Common Ground…with Karla Thennes

Common Ground…with Karla Thennes

Born in rural Minnesota, Karla Thennes has been a longtime advocate for homelessness resources. After moving to Madison in 1989 to pursue a graduate degree, she began interning at Porchlight men’s shelter, a nonprofit organization dedicated to reducing homelessness in Dane County. Following the conclusion of her graduate program, Porchlight offered Thennes the opportunity to run the shelter’s daytime program, and the rest is history. 

Thennes has now been with the organization for 32 years, and she is serving her seventh year as executive director since being promoted to the role in 2016. Thennes believes that drawing awareness to homelessness and the lack of affordable housing in the Madison area is more important now than ever.

What do you think is the biggest challenge our community faces?

Lack of affordable housing. I could say we don’t have enough mental health treatment, or alcohol and drug treatment, but you can’t stay sober at the men’s shelter. You can’t stay on your meds at the men’s shelter — you need housing. Then, we can provide all of those wraparound services to keep you stable. 

The city is developing “affordable housing” every year and has made a big effort in making that dent. It’s just not housing that the homeless can afford.

What do you wish people in our community understood better?

People say, “Why can’t you work? Why can’t you pull yourself up by your bootstraps?”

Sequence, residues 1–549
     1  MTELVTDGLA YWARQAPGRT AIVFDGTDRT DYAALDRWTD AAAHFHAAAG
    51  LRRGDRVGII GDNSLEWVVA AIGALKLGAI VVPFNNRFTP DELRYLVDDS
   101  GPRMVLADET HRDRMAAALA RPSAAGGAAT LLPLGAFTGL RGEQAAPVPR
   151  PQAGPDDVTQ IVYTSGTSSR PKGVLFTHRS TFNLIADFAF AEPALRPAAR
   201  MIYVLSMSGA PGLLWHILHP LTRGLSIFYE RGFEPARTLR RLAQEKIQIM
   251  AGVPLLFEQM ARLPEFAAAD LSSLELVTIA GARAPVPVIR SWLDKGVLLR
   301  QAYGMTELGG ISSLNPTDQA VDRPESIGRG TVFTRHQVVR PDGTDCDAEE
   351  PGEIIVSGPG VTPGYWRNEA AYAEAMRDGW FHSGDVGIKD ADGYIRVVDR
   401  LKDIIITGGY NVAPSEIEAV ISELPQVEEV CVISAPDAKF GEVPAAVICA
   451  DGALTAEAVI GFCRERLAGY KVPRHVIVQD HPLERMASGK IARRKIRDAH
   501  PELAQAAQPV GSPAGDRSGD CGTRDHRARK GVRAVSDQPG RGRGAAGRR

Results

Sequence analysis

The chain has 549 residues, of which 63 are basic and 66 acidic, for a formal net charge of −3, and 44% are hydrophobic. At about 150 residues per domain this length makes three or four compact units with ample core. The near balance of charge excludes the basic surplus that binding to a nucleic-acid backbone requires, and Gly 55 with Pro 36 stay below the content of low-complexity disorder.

At our men’s shelter we are serving 250 people a night, and probably 35% of those guests are working. We open at 5 p.m. If someone works a second or third shift job, they’re coming in anywhere from 10 p.m. to 2 in the morning. By that time, they’re literally just checking in, grabbing a cot, and hoping to get a couple hours of sleep before we wake them for breakfast and boot them out the door. 

People are working — they still cannot afford to live in this city. But they have ties to this city, and who am I to say you can’t come from somewhere else and live in this great city?

What is one change you would make if you could that would make life better for people in our community? 

We run many programs, but two big ones are our men’s shelter and our Safe Haven Program, which is a day center for homeless folks who have mental health issues. The funding we receive for the operating costs of these programs doesn’t cover everything our guests need. Our main focus is to move people into permanent housing, yet the funding we receive cannot cover a security deposit, application fees or even the first month’s rent. I’ve been writing grants and trying to get the word out there that folks can donate specifically for those things, and that would be a huge help.

What in our community gives you hope?

“[Porchlight] always has needs, but sometimes we have a pretty darn urgent need. It could be large coats for winter, or a bus pass for someone to get to their new job, etc. Anytime I put something like that on our website or on our Facebook page, by tomorrow, I have it. What I feel about this wonderful community is, if they know what the need is, they’re very generous. That’s certainly not just to Porchlight, but all the many other nonprofits out there doing amazing work. So that gives me hope, and it gives the people that I work with hope. 

Photo via Porchlight Inc. Website.

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